AMELIA GRAY is a writer living in Los Angeles, CA. She is the author of AM/PM (Featherproof Books), Museum of the Weird, (Fiction Collective 2) and Threats (Farrar, Straus and Giroux). Her writing has appeared or is forthcoming in American Short Fiction, McSweeney’s, Tin House, The Chicagoan, and DIAGRAM. She’ll be reading at FA September 25 and we are more than delighted to have her.
You mentioned somewhere that the origin of THREATS was an image that came to you of a woman standing at the foot of a staircase with blood soaked ankles. Is this how most of your pieces are generated? By an image you feel compelled to capture that you then wind into a story? Is there any consistency to the genesis of your pieces–long or short?
Most often it’s an idea that translates into an image. I had a story that started when I heard someone talking about how they were like a fisherman but with women, and I wondered what that would be like, and the first image was of a man hooking a mermaid kind of woman, but then I thought of the opposite, where the man is confused as to what a woman is, and then that brought up this image of a man holding a cooler with what he thinks is a woman inside, and that ends up being a bag of frozen fish. And then I thought, that’s a funny image, that’s interesting, I should write about that. I’ve had plenty of ideas that don’t translate to images or images with no substance behind them. I usually don’t write on those, or I do and it’s crummy.
Now that you’ve been through the process of both story collections and novels, is there a form that you prefer?
I wish that a banner emerged over the computer when I was writing, declaring THIS IS A NOVEL. That would make things a lot easier to plan, I think. Sometimes when I write with a novel length in mind, I end up with a bloated short story. It took three or four tries to get a novel that was actually a novel, in THREATS. I do like getting lost in writing a novel, I like that very much. I also like rappelling into a short story and then running out the moment it seems over. Hard to pick favorites really.
What are you working on now?
A few short things, a short thing that I think could become a longer thing, and a romantic comedy screenplay.
A rom com? Do explain! It’s not what I’d have guessed, after THREATS.
Oh! I like writing comedy and my partner had the idea, so we tried it out and it’s working well so far. It’s a fun change. People have come up to me after reading THREATS and said they found it to be a romantic comedy of its own kind, and I love that idea and agree with it. It’s very slapstick in places.
What are you reading right now? What was the last great book you read?
Two answers in one: right now I’m reading Big Breasts & Wide Hips by Mo Yan. He’s hopefully going to win the Nobel Prize this year. The book is incredible in idea and execution, and it’s wild and sexy and visceral. It is thrilling. I’m reading it slowly and savoring. Saving some of it for my flight this week!
Most of your writing seems to be characterized by an unconventional structure. Are there writers/books that you have considered models for your own writing, even in the earliest stages? Or if not structurally, what writers do you feel you’ve drawn the most from in other ways?
In terms of structure I like to look towards writers who play with the idea of structure — DFW, James Joyce, Cormac McCarthy come to mind. My models are the anti-models. Playing with the form is much more satisfying than following it, so I look at those writers as more in terms of inspiration than as guides in any particular way.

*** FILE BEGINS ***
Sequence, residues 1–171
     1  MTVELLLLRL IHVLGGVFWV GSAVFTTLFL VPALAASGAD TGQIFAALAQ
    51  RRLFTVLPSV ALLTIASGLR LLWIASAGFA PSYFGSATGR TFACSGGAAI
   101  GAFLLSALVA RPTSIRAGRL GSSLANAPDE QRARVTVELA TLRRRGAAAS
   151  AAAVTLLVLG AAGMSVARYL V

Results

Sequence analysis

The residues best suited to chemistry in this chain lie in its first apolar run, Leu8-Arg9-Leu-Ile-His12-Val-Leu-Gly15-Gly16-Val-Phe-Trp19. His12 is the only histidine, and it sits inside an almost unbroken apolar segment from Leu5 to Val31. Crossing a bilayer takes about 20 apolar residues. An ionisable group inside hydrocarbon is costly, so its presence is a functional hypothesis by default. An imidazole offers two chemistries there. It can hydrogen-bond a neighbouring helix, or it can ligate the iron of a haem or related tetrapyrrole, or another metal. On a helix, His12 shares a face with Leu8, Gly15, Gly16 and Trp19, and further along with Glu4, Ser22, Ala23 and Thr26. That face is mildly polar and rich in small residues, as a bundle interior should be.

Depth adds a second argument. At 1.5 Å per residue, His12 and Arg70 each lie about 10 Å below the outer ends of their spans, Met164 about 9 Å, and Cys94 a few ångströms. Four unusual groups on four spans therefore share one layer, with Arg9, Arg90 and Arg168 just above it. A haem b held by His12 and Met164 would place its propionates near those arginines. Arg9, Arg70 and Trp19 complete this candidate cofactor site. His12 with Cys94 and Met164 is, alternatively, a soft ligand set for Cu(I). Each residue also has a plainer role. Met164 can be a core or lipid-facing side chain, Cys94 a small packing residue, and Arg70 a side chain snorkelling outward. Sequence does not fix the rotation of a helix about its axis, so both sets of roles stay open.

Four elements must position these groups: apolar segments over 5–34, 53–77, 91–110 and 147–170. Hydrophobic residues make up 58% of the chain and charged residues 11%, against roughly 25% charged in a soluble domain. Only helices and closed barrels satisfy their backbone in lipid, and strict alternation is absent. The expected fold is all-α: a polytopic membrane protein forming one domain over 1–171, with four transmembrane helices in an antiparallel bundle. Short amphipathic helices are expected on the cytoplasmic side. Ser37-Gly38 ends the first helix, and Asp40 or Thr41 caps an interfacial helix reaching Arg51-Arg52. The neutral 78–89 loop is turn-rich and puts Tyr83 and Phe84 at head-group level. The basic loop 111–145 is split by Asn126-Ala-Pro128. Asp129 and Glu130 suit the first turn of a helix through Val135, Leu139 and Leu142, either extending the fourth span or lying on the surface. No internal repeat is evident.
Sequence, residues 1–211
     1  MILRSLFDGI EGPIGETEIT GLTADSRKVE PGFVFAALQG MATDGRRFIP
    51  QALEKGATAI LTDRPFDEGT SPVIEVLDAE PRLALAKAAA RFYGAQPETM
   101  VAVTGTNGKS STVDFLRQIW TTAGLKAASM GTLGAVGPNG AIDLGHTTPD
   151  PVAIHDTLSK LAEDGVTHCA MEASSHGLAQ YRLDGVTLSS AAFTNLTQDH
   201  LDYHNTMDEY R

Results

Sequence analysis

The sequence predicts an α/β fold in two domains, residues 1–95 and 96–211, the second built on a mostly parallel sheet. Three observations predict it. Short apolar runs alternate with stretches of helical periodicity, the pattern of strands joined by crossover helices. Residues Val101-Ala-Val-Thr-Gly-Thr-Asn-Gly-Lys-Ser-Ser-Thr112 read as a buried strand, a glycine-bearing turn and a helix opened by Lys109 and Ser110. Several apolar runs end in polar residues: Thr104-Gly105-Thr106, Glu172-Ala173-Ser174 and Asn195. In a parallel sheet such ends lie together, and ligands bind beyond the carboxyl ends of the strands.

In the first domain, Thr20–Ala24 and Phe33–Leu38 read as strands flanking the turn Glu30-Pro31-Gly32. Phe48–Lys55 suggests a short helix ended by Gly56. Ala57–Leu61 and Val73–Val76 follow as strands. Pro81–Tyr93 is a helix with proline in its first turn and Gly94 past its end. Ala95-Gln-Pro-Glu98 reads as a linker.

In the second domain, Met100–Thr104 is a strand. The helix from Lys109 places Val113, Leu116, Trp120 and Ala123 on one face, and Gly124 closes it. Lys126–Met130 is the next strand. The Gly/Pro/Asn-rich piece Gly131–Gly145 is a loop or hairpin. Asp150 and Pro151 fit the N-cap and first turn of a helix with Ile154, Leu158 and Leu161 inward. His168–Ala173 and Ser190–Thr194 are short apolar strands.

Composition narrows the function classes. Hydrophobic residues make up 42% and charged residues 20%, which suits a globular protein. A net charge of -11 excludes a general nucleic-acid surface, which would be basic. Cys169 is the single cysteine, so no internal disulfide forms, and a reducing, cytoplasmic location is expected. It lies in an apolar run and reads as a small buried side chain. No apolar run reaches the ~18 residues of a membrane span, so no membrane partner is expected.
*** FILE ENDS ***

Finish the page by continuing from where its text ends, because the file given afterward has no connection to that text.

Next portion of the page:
What does living in LA do for your writing, if anything?
There’s a fun community here, not just around the industry. I started working with a writing partner and found that it’s a similar nerdy kind of feeling to playing Dungeons and Dragons; pour a couple glasses of wine, engage in this fantasy world. It’s fun in a different way than fiction writing alone in the room. The actual writing alone in the room thing hasn’t changed, though. A room’s a room’s a room.
THREATS is your third book, out with a third publisher. How has the experience of writing and publishing each book changed for you?
It’s fun to experience different publishers, different editors, promotional arms. I learned some things from the small press about making relationships with booksellers, connecting with readers. If you’re not publishing to be read by people, I guess you’re just publishing to make money, in which case, write ad copy, do something more lucrative. At all levels of publishing fortunately I’ve found that the sentiment of connection stands and is valuable.
You have taught creative writing and been through any number of writing classes yourself–in an MFA and previously. What were the most useful things to you on both sides of the experience?
I’ve only led a few workshops, never a full creative writing semester. I teach composition or business writing when I teach. Across all classes I’ve learned or taught others to generally distrust and challenge authority.
If you could pick out a single piece of advice someone gave you that most drastically changed/improved your writing, what would it be?
Write every day.
You did a reading from THREATS on a moped in LA a few months back. What was the impetus for that? Just because?
Yeah, that was for a reading called No Perch, where the creators had writers reading in grocery stores and other strange places. They had the idea that some writers would read on a moped, and my friend Angeline took that idea and made it look and sound really good. It was my second time on a moped and certainly the most memorable and terrifying.
Last, but not least–Why do you write?
It beats armed robbery! OR DOES IT.